Disappeared state as Kenyan artists struggle

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A graffiti of US President Barack Obama seen on a wall in Nairobi on July 25, 2015. (Courtesy/AFP)

In 2018, I came across a Twitter post from musician Eric Wainaina. The 20-second clip featured him with cast and producers of the children’s play Tales of Tinga Tingastanding on a street off Broadway in New York’s theater district.

Wainaina said, “Our musical is airing in New York. Mark Kenya, what did you do today? » To which the crowd responds with « Nothing! resounding.

As humorous as the video was, its message was powerful. The Kenyan export promotion and branding agency and the government ignore creatives who put Kenya and add value to the Kenyan brand. When they are not ignored, they are exploited.

Veteran art journalist Margaretta wa Gacheru wrote in her book Creation of Contemporary African Art: Art Networks in Kenya’s Urban Areas, that she “stayed away from the visual arts for several years because the contemporary visual arts scene had become too political for my taste. I felt like local artists were being used as “stepping stones” for other people’s advancement in the world of international donors, so I stopped covering art shows. »

The fact that most artists rely solely on foreign income and donor funding to facilitate workspaces and exhibitions should be a source of national embarrassment. Most art centers in Nairobi are still dependent on donor funding which, in the case of Kuona Trust (revived as Kuona Artists Collectives), has been mismanaged by enterprising bureaucrats with no interest in the arts .

When I worked at Kuona as an intern from 2015 to 2017, most of the exhibitions I attended were organized and/or sponsored by foreign business enterprises or foreign aid organizations. Apart from the Kenyan Art Fair sponsored by Sarit Center and the patronage of the National Museums of Kenya, we have allowed Kenyan art and artists to be the preserve of wealthy foreigners.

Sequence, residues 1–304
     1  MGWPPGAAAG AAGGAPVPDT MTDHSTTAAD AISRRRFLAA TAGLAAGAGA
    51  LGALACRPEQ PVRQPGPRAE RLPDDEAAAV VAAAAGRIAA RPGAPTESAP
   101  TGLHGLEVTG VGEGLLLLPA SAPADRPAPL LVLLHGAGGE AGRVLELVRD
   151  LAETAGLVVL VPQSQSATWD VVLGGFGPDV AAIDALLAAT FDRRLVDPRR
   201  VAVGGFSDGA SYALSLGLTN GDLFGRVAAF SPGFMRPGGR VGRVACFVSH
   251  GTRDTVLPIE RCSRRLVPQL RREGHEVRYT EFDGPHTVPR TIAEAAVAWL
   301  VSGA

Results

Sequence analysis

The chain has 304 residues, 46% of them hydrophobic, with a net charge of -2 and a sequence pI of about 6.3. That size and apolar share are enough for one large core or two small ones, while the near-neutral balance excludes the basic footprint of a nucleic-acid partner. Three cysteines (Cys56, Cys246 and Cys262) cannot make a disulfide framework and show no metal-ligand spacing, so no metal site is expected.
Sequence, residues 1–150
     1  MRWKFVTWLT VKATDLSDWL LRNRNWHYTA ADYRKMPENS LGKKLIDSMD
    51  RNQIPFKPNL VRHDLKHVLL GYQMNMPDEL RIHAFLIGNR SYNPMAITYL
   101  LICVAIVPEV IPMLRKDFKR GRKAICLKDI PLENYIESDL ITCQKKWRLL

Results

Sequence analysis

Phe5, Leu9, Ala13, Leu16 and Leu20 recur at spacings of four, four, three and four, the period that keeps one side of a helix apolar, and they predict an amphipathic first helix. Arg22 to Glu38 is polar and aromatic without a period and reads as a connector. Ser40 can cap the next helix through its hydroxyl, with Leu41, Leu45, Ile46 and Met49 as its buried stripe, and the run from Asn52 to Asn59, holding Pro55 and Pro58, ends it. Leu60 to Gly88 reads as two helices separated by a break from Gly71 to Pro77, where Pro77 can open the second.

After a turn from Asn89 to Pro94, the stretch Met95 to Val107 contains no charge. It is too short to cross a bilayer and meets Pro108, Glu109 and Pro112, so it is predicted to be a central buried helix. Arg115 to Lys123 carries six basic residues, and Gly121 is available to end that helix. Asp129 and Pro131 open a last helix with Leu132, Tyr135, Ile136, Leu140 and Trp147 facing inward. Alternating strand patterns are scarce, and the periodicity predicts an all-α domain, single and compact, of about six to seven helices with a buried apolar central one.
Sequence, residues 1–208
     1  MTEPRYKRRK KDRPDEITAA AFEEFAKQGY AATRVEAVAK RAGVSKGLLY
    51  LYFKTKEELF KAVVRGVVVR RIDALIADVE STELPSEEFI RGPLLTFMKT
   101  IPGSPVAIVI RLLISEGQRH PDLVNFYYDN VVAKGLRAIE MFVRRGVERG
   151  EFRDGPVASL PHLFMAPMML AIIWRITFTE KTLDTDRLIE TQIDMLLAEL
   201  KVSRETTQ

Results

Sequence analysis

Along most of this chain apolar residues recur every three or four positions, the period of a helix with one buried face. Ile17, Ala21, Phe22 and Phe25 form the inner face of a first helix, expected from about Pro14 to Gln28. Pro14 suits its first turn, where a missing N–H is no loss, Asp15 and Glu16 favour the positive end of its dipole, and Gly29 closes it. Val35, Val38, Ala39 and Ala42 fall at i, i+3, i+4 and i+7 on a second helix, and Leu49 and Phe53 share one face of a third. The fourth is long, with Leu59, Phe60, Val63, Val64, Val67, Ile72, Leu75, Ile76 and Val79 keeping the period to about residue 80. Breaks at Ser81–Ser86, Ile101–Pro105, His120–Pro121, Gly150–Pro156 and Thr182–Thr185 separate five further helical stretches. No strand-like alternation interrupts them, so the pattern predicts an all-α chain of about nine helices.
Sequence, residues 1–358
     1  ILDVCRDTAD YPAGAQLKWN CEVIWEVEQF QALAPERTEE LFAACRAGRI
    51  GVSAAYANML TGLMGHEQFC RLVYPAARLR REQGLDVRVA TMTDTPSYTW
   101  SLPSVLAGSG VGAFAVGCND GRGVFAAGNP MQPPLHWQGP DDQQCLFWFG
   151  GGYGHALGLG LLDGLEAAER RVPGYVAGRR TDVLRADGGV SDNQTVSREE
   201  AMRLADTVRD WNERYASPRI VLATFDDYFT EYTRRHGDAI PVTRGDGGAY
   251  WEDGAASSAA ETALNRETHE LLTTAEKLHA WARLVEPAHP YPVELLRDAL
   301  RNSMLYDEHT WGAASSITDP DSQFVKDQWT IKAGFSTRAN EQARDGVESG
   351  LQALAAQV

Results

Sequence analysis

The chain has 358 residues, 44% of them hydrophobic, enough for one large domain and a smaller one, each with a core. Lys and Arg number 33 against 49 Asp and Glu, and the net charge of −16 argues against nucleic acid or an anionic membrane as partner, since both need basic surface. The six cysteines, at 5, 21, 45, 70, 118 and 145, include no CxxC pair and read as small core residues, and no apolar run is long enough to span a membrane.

This came to a head in 2013 and 2015 when Kenya was awarded a pavilion at the Venice Biennale, perhaps the world’s premier international visual art event. Of the seven artists who exhibited at the 2015 pavilion, six were Chinese and the only Kenyan present was based in Switzerland, held Swiss nationality and was a member of the Swiss Parliament.

The exhibition was also not sponsored by the government of Kenya but by an Italian artist Armanzo Tanzini, a hotelier in Malindi. In an article for Voice of AmericaTanzini is quoted as having invested thousands of dollars of his money in the exhibit, without which it wouldn’t have happened at all.

This complete lack of government accountability has made Kenya the laughing stock of the global art world, with Chinese contemporary art professor Dr Wenny Teo declaring that the 2013 Kenyan pavilion at the Bienalle was “a chilling manifestation of neo-colonialism vulgarly presented as multiculturalism”, and that it was “to be avoided like the plague”.

The Rio 2016 Olympics, in which Kenya bought six gold medals and charmed the world, is another more vulgar example of public officials using entertainers and sportsmen as “stepping stones” for their advancement. . Despite this, some athletes like javelin thrower Julius Yego were unable to even make it to Rio in 2016 as their flights were not paid for or booked by the Ministry of Sports, Culture and the Arts.

In addition, they wore mismatched kits during the opening ceremony of the Olympics, because their kit had been siphoned off, and they remained in a favela (slum in Brazil). Although they put Kenya on the world stage and won the hearts and minds of millions at the Olympics, these athletes were treated with disdain and contempt by the government.

The then Cabinet Secretary for Sports, Culture and the Arts, Hassan Wario, was found guilty of bribery, abuse of power and embezzlement of public funds. Thanks to this shameful display, one can agree with journalist Lily Kuo who said Kenya’s best Olympics may also have been its most embarrassing.

But there is hope. The artist collective Kuona led the way, abandoning enterprising bureaucrats and detached boards of directors who (poorly) managed their affairs.

Kenya is back at the Venice Biennale, this time with genuine Kenyan artists who are active members of the local art scene, curated by Jimmy Ogonga and commissioned by Kiprop Lagat.

The Beijing Olympics are fast approaching and our national rugby team, the Simbas, are on course to qualify for the Rugby World Cup in France in 2029. This is a massive global event that promises to the Kenya Rugby Union an opportunity for visibility and investment.

So, as we usher in a new government this year, we must remember to hold the Department of Sports, Culture and the Arts accountable.

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